By Iqra Imran
“When a paradox is widely believed, it is no longer recognized as a paradox.”
The abovementioned quote by American aphorist Mason Cooley serves as a mirror reflecting the brewing complications between a nation such as India and its constant invalidation of one of the major foundational principle of its constitutional being, ‘secularism’ to be precise.
Interestingly, however, the term never appeared directly on the preamble and was sidestepped by leaders like BR Ambedkar and Jawaharlal Nehru, both holding important positions in the building of India as a nation, until the infamous 42nd Amendment which took place during the Emergency period.
This intended avoidance for a good number of thirty years did not mean India was planned not to be secular. Instead, it meant keeping cognizance of India’s inability to fit in the western standards of secularism due its polar opposite setting of history and culture where rulers and religious publics had been interacting from times immemorial, it was deemed better not to use the term at all, than to use it fraudulently, as noted by historian Ian Copeland.
India, keeping record of its history, demography and geopolitics, could not and cannot afford the absolute exclusion of State from Religion, though the very same exclusion is what its ultimate goal was and should be. A country with an influx of multiple religions, castes, customs, traditions, cultures etc has to position itself very smartly in regards of attaining such utopian goals. Secularism in India, thus, does not mean the separation of religion from state. Instead, secularism in India means a state that supports or participates in a neutral manner in the affairs of all religious groups.
Government has interfered with personal faith and religious practices when there was a violation of basic human rights as enshrined in the Indian Constitution.
For example, Ban on Sati, Anti Superstition and Black Magic Act, Ban on Dowry etc
Though, as much as such positively discriminating involvement is necessary, the negatives in this regard weigh more. It is evidently clear that secularism which was earlier jibed as an “appeasement to please the minorities” has now been completely abandoned by the present government, which has continuously disregarded the journey envisioned by Nehru and Ambedkar, with its recent discriminatory rulings against the minorities as seen in the case of implementation of CAA-NRC and Abrogation of Article 370 in Jammu and Kashmir, India’s sole administered state with a Muslim majority, while displaying a model of a communally controversial temple in its Republic Day parade at the same time. How can a religious sentiment be showcased by the government on a day dedicated to the constitution which warned us off such very same acts?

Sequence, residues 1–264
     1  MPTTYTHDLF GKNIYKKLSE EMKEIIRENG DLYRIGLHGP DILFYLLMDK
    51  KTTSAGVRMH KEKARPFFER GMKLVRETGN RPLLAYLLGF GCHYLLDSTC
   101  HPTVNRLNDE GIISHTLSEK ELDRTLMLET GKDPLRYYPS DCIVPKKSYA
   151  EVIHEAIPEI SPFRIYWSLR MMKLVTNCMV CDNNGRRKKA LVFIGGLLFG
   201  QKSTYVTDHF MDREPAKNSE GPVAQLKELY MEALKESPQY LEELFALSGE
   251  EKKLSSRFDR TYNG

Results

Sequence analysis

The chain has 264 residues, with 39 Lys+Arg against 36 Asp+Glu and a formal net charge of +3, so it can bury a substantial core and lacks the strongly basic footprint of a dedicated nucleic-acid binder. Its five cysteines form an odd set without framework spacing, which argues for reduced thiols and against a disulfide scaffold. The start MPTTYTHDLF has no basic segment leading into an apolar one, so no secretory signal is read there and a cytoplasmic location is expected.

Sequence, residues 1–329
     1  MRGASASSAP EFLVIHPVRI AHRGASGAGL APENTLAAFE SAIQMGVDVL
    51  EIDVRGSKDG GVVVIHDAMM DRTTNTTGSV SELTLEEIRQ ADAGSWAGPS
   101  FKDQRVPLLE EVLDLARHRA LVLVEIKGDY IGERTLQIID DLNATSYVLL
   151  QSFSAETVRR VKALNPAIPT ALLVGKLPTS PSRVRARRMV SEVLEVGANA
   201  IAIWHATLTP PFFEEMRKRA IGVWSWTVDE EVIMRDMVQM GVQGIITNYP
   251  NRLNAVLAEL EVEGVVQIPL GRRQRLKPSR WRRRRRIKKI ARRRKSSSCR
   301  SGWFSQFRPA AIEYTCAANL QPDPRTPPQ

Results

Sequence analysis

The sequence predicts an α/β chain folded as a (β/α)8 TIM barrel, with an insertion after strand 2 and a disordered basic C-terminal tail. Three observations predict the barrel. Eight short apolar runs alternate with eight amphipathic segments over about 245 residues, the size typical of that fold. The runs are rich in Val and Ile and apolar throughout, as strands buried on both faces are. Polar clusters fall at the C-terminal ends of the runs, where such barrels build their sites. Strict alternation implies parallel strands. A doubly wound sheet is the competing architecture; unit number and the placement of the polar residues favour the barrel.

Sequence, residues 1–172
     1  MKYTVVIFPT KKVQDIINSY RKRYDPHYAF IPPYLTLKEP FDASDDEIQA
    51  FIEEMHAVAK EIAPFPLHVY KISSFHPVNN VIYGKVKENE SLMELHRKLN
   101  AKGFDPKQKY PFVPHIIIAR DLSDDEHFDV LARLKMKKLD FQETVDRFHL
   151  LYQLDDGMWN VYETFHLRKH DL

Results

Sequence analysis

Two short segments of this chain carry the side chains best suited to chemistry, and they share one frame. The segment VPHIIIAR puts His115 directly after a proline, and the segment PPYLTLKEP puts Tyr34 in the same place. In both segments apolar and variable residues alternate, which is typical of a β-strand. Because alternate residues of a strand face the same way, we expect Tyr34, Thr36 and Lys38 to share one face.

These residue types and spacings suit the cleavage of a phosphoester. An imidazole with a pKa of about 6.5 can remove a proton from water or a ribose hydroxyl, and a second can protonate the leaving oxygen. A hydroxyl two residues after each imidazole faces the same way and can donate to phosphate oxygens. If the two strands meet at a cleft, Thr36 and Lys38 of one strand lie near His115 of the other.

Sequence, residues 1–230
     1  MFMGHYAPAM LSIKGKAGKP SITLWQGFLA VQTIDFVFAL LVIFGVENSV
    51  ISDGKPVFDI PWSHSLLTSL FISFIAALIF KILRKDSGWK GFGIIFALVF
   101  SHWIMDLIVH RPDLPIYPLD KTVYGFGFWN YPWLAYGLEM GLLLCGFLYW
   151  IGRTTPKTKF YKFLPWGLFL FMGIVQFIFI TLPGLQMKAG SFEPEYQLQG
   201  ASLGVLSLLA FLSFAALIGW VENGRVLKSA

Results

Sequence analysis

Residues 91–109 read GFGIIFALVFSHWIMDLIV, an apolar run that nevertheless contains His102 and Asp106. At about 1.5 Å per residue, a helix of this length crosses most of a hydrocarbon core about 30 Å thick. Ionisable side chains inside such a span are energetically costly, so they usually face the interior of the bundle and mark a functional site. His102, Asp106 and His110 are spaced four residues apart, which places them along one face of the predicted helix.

As someone belonging to the minority community, I have often overlooked racial slurs made by my fellow countrymen over the years, out of love for my country. I have been jibed an anti-national, asked to go to Pakistan, have witnessed both passive and overt discrimination to the extent people slurred me as having a terrorist’s mind- all this while holding an economic and societal privilege at an age where I have not even touched adulthood. I cannot begin to imagine what people in the lowest strata sharing the same faith as mine, would be facing as a repercussion of what the ministers make their followers believe in. But still, both our nationalism and religious values, ask us to hold patience over divisive tyranny, making the majority of the minority to come to terms with it while holding the flag, the constitution and the power of dissent granted by it.
However, when people in power make similar comments which target my identity, regardless of my privilege, a personal threat transforms into a concern for the nation as a whole.
That is why I believe ‘true’ secularism in India has been a paradox balancing itself at the fulcrum between risen butchered bones of those murdered by its inefficiency against the lowered lives of those who survived and witnessed the butchering guilty of no charge.